Environment Secretary Antonia Loyzaga wants to empower waste pickers by improving their livelihood and ensuring their full integration into an evolving solid waste management sector.
Speaking at the World Wildlife Fund for Nature-Philippines (WWF) media event in Quezon City, Loyzaga underscored the need to enhance the status and work conditions of the informal waste sector and to invest in capacity building to transform their vulnerability.
“This sector is still locked out of the value chain of solid waste management, but they are in fact, critical and essential as part of the supply chain,” Loyzaga pointed out.
“Through the EPR (extended producer responsibility) and the circular economy, there is an opportunity for us in government and for you all to promote social inclusion,” she added.
The informal waste sector in the Philippines includes waste pickers in dumpsites and communal waste collection points.
Waste pickers play a key role in waste management and segregation, but are often not included in discussions on policies to improve their lives and livelihoods.
Following the enactment of Republic Act 11898 or the EPR Act of 2022, Loyzaga has been supportive of the integration of the informal waste sector in the EPR system to ensure that no one is left behind as the country tries to build a circular economy for plastics.
An amendment to RA 9003 or the Ecological Solid Waste Management Act of 2000, the EPR law requires large companies to adopt and implement policies for the proper management of plastic packaging wastes.
Loyzaga called the EPR law as a “concrete start and a strategic approach to waste reduction that maintains an environmental responsibility with producers throughout the lifecycle of the product.”
“EPR has been proven to address packaging collection and recycling meaningfully through various EPR schemes and certainly these require companies to pay for the collection, sorting and recycling of their plastic packaging,” Loyzaga said.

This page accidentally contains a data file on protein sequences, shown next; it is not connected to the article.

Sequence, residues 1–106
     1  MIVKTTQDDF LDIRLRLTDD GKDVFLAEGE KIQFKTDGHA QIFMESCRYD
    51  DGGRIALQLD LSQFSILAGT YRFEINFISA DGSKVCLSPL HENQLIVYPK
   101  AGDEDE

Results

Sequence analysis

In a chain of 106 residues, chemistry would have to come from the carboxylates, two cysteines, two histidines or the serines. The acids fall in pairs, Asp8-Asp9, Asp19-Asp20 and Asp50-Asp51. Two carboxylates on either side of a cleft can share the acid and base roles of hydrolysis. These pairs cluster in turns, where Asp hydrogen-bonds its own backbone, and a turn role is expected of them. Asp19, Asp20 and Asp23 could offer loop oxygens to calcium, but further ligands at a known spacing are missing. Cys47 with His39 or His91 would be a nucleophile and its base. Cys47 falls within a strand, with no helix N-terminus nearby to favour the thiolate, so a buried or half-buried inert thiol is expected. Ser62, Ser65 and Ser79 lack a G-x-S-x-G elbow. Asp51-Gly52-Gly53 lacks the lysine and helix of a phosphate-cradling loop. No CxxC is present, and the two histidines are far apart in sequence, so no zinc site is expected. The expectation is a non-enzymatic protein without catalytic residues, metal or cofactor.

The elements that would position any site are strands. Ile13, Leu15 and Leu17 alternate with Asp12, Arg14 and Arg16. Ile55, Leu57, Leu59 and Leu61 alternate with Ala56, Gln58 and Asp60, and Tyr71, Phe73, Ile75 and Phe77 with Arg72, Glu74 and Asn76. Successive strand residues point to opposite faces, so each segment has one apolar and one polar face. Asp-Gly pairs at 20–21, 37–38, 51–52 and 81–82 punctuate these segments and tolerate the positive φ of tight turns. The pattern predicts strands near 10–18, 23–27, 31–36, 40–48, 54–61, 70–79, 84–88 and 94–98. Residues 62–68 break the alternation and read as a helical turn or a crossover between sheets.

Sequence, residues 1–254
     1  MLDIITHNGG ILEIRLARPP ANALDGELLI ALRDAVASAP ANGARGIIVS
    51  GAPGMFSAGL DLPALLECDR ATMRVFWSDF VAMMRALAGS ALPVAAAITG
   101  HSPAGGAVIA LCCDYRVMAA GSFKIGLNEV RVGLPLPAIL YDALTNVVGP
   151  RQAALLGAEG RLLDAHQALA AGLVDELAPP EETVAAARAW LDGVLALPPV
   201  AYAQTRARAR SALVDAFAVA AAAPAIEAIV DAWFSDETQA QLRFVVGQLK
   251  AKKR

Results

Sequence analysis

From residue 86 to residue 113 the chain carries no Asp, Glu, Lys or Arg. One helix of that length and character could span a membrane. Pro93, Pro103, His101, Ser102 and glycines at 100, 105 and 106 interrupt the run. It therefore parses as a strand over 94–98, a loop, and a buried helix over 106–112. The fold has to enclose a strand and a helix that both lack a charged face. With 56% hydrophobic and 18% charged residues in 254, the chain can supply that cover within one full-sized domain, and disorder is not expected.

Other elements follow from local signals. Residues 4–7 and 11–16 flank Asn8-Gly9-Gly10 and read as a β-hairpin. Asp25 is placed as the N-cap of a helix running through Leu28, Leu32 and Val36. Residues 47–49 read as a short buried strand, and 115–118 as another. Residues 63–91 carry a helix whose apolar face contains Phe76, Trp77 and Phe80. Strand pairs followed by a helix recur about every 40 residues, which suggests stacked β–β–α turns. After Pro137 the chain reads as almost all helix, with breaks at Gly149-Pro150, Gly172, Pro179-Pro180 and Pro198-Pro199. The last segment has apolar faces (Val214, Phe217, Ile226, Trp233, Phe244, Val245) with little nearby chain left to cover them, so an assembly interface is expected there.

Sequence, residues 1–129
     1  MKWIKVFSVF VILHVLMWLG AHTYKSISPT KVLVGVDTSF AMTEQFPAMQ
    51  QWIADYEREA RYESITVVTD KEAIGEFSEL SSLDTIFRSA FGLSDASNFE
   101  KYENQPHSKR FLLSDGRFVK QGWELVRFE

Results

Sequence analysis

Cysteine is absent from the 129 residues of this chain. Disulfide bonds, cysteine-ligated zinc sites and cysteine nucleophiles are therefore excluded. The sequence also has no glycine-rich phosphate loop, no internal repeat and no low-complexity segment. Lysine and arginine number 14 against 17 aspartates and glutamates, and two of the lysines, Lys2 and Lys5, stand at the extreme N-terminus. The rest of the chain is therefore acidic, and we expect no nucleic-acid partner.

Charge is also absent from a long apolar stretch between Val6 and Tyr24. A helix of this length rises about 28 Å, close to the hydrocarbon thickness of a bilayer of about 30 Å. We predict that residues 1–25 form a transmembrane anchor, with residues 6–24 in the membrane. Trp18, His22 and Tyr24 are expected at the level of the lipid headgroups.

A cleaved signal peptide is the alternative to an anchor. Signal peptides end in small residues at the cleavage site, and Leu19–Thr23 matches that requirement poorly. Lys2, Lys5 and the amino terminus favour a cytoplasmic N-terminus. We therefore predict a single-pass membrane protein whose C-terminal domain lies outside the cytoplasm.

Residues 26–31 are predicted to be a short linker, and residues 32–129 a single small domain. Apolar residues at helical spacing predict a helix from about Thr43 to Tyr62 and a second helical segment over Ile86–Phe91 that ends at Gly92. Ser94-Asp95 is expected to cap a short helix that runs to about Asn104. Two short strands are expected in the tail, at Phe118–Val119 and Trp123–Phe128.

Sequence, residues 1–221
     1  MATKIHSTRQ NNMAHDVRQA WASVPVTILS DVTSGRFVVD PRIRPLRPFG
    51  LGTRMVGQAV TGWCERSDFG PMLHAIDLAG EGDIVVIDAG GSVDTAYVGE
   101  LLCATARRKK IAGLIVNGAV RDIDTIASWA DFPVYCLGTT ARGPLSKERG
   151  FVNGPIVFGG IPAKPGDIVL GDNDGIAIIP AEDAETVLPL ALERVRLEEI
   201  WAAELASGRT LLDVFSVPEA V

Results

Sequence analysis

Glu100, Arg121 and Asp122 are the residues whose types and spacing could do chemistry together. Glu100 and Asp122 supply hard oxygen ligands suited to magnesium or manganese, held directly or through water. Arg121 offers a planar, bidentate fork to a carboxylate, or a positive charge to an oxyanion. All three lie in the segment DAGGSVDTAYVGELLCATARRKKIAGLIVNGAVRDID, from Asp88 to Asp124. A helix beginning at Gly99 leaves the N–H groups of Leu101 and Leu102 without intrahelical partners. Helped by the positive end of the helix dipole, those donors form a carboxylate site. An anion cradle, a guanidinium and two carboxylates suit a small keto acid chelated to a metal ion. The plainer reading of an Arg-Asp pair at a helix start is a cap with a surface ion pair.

She said the EPR mechanism is one transformative way to promote the sustainable consumption and production economy. “It provides a more sustainable way of doing business and leads to green job creation,” she added.
Moreover, the DENR chief said the EPR system provides an opportunity to promote social inclusion of waste pickers by ensuring their rights and protection to guarantee their income and survival.
To improve the lives of waste pickers, Loyzaga said there is a need to partner with local government units (LGUs) in rolling out financial literacy programs and to build their skills for entrepreneurship and other types of activities in order for them to build capital to transform their current situation.
She said there is also a need to capacitate LGUs and other sectors to implement a robust system of data recording, tracking and reporting.
“By doing so, we can enhance the direction and the strategic impact of social protection programs and direct them specifically to address this sector’s needs,” she stressed
Held at the DENR Central Office on July 18, the WWF-Philippines media event was themed “Turning the Tide: Our Journey to a Plastic Pollution-Free Future.”
In partnership with the DENR and the Norwegian Embassy, the event aimed to celebrate WWF’s notable breakthroughs in addressing plastic pollution in the country through multistakeholder collaboration over the years, specifically under the fifth year of its No Plastics in Nature campaign.
The event gathered stakeholders from the national and local government, business industry, civil society, academe, and community and social enterprises to learn and discuss milestones and future actions towards significantly reducing plastic in the environment, which include the global treaty to end plastic pollution, the National Plan of Action for the Prevention, Reduction, and Management of Marine Litter, and the EPR Act.
Panel discussants include representatives from the DENR-Environmental Management Bureau; San Jose Sico Landfill Multi-Purpose Cooperative; the Municipality of Donsol, Sorsogon; Mondelēz Philippines, and Unilever Philippines. ##
- Published: 29 July 2023